In comparison, it’s possible to pay ¥5000 for the whole yukata/obi/geta/koshihimo set at Uniqlo and various modern yukata retailers. But as I said, these yukata often aren’t made of the best material. And if I was going to bother to shop for a yukata, I wanted to buy one I would actually wear.
As for the upper spectrum of kimono and yukata, I walked into one fancy antique kimono store where the kimono were displayed on special frames reminiscent of a museum just to look around. These kimono didn’t look too different from the ones in the second hand stores I had been visiting. A little plainer, but surely of a much higher quality. The kimono in the window cost ¥110000 or so I believe ($1100). I didn’t bother to check the rest of the prices.
Note that when you shop for yukata or kimono, don’t be put off by how long they seem.
Yukata come in S, M, & L, although they may not be labeled as such. Try to go with the smallest category into which you fit, although S & M overlap, like so:
Petite (S) 4’9” ~ 5’3” / 145 - 160
Regular (M) 5’ ~ 5’6” / 155 - 165 cm
Tall (L) 5’5” ~ 5’9” / 165 - 180
I’m 5’3.5” and I fit into an M, not an S. The S was just slightly too short to offer a satisfactory fold at the waist.
You’ll find the heights/sizes listed by cm range, usually. At one store I visited, M=56, L=58. I’m not sure what the numbers referred to there, although there’s a chance it could have referred to feet and inches.
Where to Shop in Kyoto
Try the handicrafts center near Sanjo (it has something like 7 floors), and the two arcades on the Ponto-cho side of Kamugawa between Sanjo and Shijo. There’s another store in Gion-Shijo, on the other side of the river, in a back alley but with helpful little obaachan, one of which speaks some English and is probably responsible for their very helpful website.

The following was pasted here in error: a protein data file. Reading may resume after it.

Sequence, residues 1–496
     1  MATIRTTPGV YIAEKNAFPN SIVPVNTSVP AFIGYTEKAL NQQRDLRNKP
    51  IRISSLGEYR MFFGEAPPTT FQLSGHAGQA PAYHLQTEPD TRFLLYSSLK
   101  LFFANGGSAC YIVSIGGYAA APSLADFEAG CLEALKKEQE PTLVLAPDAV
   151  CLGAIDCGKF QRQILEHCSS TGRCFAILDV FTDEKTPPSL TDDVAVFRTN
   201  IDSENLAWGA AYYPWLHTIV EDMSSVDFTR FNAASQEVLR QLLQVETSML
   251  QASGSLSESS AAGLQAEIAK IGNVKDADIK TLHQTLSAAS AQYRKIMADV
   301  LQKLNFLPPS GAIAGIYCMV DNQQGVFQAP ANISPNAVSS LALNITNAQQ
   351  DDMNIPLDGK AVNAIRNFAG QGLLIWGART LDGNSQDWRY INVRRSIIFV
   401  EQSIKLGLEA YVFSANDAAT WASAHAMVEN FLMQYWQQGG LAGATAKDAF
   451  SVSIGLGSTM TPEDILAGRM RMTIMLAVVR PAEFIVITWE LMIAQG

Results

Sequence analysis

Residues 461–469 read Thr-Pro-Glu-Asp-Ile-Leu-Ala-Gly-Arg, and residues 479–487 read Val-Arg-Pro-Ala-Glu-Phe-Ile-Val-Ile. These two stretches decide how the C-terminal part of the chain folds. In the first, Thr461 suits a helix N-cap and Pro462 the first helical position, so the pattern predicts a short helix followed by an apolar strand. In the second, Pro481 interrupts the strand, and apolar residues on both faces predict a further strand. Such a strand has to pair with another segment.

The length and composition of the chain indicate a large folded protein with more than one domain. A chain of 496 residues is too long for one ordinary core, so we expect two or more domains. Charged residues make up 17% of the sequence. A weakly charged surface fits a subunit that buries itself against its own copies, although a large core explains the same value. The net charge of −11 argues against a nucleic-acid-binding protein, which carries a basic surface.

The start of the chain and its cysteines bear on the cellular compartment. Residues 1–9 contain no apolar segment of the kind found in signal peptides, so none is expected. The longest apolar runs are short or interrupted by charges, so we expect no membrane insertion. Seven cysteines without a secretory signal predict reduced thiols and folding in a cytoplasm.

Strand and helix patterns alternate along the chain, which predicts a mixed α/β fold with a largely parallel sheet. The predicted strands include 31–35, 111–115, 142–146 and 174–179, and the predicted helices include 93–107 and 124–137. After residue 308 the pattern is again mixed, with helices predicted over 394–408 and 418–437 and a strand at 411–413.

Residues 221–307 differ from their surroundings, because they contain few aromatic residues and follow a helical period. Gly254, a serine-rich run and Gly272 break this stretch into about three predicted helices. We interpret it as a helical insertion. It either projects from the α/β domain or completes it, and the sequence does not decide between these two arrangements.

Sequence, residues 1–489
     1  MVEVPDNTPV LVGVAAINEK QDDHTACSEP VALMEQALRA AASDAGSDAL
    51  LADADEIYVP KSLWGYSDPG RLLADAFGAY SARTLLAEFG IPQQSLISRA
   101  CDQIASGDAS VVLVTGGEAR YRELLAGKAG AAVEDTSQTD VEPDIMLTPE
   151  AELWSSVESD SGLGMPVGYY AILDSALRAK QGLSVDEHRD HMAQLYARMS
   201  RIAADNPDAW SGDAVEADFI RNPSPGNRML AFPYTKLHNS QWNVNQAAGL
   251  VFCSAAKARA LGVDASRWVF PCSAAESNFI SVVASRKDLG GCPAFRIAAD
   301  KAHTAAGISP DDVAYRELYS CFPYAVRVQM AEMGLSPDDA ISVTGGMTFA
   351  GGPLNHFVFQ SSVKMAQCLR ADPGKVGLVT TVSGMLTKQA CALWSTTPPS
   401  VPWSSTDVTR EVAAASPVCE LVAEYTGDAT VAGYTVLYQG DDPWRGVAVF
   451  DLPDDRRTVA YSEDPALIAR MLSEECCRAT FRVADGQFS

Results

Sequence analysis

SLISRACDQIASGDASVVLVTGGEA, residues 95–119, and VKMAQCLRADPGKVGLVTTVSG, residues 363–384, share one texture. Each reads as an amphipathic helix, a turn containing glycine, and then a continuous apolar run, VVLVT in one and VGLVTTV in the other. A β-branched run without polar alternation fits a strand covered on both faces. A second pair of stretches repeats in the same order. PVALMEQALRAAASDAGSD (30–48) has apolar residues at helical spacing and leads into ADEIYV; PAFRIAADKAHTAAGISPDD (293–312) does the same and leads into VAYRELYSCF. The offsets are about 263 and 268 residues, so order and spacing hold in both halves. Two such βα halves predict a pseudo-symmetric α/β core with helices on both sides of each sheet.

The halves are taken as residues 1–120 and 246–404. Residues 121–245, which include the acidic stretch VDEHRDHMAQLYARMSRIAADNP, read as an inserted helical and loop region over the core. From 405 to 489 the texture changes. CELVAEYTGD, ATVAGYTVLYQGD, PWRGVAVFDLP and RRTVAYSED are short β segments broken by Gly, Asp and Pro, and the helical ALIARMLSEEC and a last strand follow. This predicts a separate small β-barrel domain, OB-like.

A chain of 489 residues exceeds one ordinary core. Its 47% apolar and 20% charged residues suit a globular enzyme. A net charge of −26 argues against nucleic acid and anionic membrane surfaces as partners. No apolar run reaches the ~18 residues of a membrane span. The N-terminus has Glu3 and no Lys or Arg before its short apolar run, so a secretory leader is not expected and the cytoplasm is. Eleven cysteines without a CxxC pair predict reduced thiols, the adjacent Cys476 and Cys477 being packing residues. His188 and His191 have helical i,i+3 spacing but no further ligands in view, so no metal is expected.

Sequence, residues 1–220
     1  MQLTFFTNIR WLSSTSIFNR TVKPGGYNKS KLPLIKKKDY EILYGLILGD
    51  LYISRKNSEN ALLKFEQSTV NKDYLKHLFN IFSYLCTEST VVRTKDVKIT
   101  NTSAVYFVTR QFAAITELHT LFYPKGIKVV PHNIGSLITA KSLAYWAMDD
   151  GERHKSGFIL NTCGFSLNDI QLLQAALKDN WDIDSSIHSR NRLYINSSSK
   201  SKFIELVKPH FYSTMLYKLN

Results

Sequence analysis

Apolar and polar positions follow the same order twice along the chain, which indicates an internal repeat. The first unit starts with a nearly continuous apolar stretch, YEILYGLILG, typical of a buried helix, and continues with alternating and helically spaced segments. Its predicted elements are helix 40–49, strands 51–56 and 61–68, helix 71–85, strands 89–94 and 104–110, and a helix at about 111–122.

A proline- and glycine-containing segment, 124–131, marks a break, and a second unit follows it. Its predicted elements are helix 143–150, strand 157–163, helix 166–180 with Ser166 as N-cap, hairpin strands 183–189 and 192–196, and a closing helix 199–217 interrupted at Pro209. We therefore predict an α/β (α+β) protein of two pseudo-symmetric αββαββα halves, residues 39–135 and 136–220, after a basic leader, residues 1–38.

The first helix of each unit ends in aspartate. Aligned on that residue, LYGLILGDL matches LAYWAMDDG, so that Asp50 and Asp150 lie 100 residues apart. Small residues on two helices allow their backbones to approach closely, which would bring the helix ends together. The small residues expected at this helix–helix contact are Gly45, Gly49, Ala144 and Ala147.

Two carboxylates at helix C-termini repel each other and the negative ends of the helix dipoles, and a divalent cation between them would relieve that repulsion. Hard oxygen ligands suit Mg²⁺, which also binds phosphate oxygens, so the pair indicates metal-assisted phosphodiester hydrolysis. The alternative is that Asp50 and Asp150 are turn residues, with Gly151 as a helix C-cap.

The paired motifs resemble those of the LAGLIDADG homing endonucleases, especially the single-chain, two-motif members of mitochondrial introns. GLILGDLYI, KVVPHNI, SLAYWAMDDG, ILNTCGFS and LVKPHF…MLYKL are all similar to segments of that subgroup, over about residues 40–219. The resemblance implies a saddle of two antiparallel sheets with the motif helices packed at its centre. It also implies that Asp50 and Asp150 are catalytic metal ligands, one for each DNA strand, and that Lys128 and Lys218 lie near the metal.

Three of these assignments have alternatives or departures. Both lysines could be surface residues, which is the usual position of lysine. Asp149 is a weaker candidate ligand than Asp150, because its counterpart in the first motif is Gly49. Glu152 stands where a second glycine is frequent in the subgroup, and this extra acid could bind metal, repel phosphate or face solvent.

Ichiroya Japan sells kimonos in the Ichiroya fleamarket and also has an online English outlet. Ichiroya is also responsible for a very comprehensive DVD on how to wear yukata and kimono, the preview of which you can see online.
Sources and Further Information
http://ezinearticles.com/?Yukata-Buying-Tips—-Things-You-Want-to-Know-Before-Buying-a-Yukata&id=2355949 Yukata Buying Guide
http://www.marquise.de/en/ethno/japan/buy.shtml Yukata/Kimono buying guide
http://global.aikimonokan.com/know/index.html (This site led me to the obaachan shop where I bought my obi and obijime)
http://kimono-daisuki.blogspot.com/2009/05/bunko-musubi-with-nagoya-obi.html (Tying obi)
http://www.youtube.com/watch?v=kCZtGi21ysM&feature=channel Guide to how to dress in a yukata (Preview of DVD you can purchase. Quite useful!)
http://www.risingsunimports.com/articles/howtotieobi/ How to tie a kimono obi
I bought this shirt from Uniqlo today. It’s the first time I’ve bought anything from Uniqlo, actually. Previously, I wasn’t interested in their clothes because I thought they were too plain, though they came in a variety of interesting colors (one feature that sets it apart from Gap, the American brand to which they are often compared). But I found that they actually had some designer clothes, and I had to buy some Uniqlo clothing before I left—just because it’s such an iconic brand.
Not that you’re going to see the brand on their clothes. That’s what sets their clothes apart. No brands, just affordable casual clothes that you can pair with anything else in your wardrobe. Uniqlo thinks that by doing so you may express your own individuality rather than advertise designer labels. Hence the name “Uniqlo,” which is a mash-up of “unique” and “clothes.”
Uniqlo manages to make its clothing affordable by outsourcing clothing production to China. Being an island country, Japan has traditionally depended on its own manufacturing services. Uniqlo’s parent company, Fast Retail, was one of the first Japanese retailers to outsource to China—a smart business move that has rocketed Uniqlo toward success. It now has stores in major cities around the world, including one in Soho, New York City.
This is the closest Uniqlo to the seminar houses, fyi. It’s located on Highway 1, a good area to get to know. http://maps.google.com/maps?hl=en&q=ユニクロ、枚方市、大阪&um=1&ie=UTF-8&sa=N&tab=wl
Just made deviled quail eggs with wasabi and shichimi seven spice. Turned out great, to my surprise.